The History of Indigenous Women's Leadership

By Maura Reilly on October 23, 2019

“My young men are to lay aside their weapons; they are to take up the work of women; they will plow the field and raise the crops; for them I see a future, but my women, they to whom we owe everything, what is there for them to do? I see nothing! You are a woman; have pity on my women when everything is taken from them.”

In the 2018 midterms, Deb Haaland (NM-01) and Sharice Davids (KS-03) won their respective elections and became the first Native American women to serve in the U.S. House of Representatives. Out of 18 total Native Americans who have served in the House, only two are women, and no Native American woman has ever served in the Senate. Of the 598 member tribes in the National Congress of American Indians (NCAI) women only lead 120, roughly twenty percent, as of 2015. These statistics illustrate the continued impact of colonialism on America Indian tribal nations, and American Indian women in particular. 

The irony of the current situation is that long before the women’s suffrage and centuries before European nations stumbled across America, women’s equality and leadership thrived among many Native American nations. Prior to colonialism, the communal governance structures of many Native nations “granted women respect and authority; exemplary of the gender egalitarianism practiced by many Native societies.” While women did not always serve as chiefs, they were often included in tribal decisions and leadership and where often viewed as spiritual authorities. In the case of the Haudenosaunee (Iroquois), who served as inspiration to the early suffragettes, descent was matrilineal, women chose when and if the tribe went to war, women chose the chief, and the selling of land needed women’s consent. But the entrance of colonialism and U.S. federal interaction with Native Americans worked systematically to impose patriarchal norms on tribes.

With colonialism in the Americas came, the imposition of new and often patriarchal social organization. Conversion to Christianity was often a main tenant for many colonizing missions. The suffragette, Matilda Joslyn Gage wrote in her book Woman, Church and State (1893) “Christianity has tended somewhat from its foundation to restrict the liberty woman enjoyed under the old civilizations.” While some debate can be had on whether this is a universal truth, it certainly rings true for Native women who found themselves suddenly thrust into a new colonial, Christian world. In the U.S.  Southwest, Spanish colonization included forced conversion to Catholicism, which altered existing social organization, including access to and ownership of resources and the gender-based distributions of tasks. The imposition of new gender hierarchies continued with the entrance of the U.S. federal government. The U.S. created the boarding-school system, which forcibly removed many Native children and enrolled them in schools designed to “Kill the Indian, and Save the Man.” The boarding schools aimed to assimilate Native children into American norms and culture, a set of norms and culture which only trained Native girls in gendered, domestic tasks such as cooking and sewing. Boarding schools had the added detriment of removing girls from their families and tribes preventing them from obtaining leadership roles within their communities. The Dawes/Allotment Act, passed in 1887, reinforced patriarchal values by granting allotments only to male heads of households, despite land often being matrilineal among Native American nations. In an 1888 speech to the International Council of Women, anthropologist Alice Fletcher, conveyed the quote of a chief she had been working with, he pleaded:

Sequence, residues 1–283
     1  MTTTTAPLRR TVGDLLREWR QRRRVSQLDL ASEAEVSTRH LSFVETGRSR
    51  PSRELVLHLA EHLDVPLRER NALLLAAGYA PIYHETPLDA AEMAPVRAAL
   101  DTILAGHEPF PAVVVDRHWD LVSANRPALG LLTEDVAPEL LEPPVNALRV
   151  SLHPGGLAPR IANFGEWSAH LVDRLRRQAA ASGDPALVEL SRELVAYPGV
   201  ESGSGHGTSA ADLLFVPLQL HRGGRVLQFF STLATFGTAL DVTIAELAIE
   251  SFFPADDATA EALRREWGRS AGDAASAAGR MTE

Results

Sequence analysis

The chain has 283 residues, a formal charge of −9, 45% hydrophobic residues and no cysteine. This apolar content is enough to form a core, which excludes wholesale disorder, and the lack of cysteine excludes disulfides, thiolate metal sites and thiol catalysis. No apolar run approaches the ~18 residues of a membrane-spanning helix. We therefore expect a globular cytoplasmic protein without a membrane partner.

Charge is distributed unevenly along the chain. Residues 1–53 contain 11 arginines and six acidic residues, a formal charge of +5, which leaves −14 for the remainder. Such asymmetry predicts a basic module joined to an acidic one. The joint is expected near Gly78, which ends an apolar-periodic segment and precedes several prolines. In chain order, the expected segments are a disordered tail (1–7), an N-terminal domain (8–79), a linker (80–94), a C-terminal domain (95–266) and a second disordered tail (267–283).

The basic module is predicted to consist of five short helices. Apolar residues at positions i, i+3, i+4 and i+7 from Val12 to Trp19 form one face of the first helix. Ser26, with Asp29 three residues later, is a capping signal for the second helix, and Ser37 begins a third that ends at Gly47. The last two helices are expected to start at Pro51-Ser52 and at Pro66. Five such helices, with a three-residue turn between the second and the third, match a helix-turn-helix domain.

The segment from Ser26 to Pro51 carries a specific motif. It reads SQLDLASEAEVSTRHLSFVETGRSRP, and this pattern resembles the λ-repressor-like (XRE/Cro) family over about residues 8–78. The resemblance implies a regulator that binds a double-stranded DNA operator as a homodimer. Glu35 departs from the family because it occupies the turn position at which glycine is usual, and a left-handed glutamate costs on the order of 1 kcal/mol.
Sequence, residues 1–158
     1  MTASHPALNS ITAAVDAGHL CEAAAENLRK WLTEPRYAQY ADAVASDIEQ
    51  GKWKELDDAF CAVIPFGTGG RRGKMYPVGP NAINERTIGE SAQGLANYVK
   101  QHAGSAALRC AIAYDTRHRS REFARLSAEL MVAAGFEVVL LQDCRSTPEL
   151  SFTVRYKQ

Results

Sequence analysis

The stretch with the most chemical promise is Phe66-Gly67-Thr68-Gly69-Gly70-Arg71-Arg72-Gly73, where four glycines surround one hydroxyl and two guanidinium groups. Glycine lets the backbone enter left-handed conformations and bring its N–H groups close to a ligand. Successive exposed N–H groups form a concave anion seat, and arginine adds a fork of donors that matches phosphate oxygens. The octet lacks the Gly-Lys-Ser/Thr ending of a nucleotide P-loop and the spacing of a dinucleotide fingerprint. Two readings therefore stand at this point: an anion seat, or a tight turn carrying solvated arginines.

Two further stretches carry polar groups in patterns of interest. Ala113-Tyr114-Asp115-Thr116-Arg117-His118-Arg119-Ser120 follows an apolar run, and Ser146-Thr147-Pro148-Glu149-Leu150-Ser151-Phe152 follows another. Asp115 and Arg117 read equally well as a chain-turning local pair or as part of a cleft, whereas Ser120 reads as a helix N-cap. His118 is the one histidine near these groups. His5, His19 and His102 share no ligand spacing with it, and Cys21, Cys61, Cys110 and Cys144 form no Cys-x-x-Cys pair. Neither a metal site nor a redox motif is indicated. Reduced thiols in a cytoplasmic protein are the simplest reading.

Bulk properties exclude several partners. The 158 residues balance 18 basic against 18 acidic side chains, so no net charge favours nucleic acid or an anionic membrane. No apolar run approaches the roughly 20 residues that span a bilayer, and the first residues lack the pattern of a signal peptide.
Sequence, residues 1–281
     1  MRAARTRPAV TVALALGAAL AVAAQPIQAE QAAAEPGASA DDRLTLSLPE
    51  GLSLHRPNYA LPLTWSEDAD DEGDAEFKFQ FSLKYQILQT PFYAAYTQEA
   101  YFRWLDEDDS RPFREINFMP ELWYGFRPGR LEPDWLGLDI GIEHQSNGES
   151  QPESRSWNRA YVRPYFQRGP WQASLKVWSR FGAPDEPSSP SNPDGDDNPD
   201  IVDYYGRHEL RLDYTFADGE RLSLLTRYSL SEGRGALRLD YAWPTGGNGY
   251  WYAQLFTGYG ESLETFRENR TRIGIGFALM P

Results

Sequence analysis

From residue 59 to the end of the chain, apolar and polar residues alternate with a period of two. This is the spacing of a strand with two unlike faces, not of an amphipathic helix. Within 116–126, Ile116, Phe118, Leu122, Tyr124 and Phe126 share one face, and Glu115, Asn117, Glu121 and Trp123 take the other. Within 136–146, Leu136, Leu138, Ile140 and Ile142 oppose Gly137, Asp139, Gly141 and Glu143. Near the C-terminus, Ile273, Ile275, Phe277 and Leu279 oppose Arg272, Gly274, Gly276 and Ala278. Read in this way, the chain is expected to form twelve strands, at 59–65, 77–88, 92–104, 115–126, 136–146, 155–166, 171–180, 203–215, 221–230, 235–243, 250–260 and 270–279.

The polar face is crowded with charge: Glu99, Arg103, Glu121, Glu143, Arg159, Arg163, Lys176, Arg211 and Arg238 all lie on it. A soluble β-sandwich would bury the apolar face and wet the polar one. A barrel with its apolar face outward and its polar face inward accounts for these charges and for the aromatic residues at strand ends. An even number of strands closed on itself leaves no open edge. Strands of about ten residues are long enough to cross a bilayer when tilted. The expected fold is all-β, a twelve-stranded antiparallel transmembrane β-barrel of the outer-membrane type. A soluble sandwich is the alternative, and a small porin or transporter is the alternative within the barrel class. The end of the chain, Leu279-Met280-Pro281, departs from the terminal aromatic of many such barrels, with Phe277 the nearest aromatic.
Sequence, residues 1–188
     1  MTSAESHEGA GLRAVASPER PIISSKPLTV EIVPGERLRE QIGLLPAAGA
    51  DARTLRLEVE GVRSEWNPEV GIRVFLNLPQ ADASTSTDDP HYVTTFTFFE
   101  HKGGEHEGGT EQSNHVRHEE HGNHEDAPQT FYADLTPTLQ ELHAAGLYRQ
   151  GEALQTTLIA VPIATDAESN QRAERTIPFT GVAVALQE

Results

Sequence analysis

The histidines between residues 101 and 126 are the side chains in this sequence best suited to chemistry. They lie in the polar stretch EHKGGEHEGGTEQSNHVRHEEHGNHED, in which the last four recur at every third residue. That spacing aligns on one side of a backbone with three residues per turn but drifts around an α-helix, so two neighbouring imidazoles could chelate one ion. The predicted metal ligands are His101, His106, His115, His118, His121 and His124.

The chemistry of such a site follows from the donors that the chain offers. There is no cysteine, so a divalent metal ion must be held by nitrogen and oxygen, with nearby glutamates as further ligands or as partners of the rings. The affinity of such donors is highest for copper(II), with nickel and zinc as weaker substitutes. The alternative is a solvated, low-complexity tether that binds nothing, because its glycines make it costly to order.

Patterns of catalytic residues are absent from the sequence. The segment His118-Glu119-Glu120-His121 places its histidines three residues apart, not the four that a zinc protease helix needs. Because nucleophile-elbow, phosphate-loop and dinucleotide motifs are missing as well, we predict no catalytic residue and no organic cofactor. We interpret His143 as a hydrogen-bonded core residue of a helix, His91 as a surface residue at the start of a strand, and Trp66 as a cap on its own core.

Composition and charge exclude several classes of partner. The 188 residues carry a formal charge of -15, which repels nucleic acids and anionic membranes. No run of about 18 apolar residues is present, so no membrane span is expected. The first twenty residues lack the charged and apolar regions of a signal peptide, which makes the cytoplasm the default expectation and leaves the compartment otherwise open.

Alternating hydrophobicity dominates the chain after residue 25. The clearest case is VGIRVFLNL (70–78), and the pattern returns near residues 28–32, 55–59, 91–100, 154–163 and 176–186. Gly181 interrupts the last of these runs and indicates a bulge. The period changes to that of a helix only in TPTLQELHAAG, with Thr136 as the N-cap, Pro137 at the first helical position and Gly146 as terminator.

“My young men are to lay aside their weapons; they are to take up the work of women; they will plow the field and raise the crops; for them I see a future, but my women, they to whom we owe everything, what is there for them to do? I see nothing! You are a woman; have pity on my women when everything is taken from them.”

Since the founding of the United States, and well before our Independence, many atrocities have been carried out against Indigenous groups, many policies have relegated Indigenous peoples as second-class citizens, both men and women alike. But Native women face the double burden of being both female and Native; as Angie Morrill, Maile Arvin and Eve Tuck write “the experiences and intellectual contributions of Indigenous women are not on the margins; we have been an invisible presence in the center, hidden by the gendered logics of settler colonialism for over 500 years.” Native women continue to face a disproportionate number of obstacles, but the first female Principal Chief of the Cherokee Nation, Wilma Mankiller provides us with a good start to correct these seemingly insurmountable disadvantages, “look forward, turn what has been done into a better path.” A better path forward includes Native women in leadership positions, be it at the local, tribal or national level.

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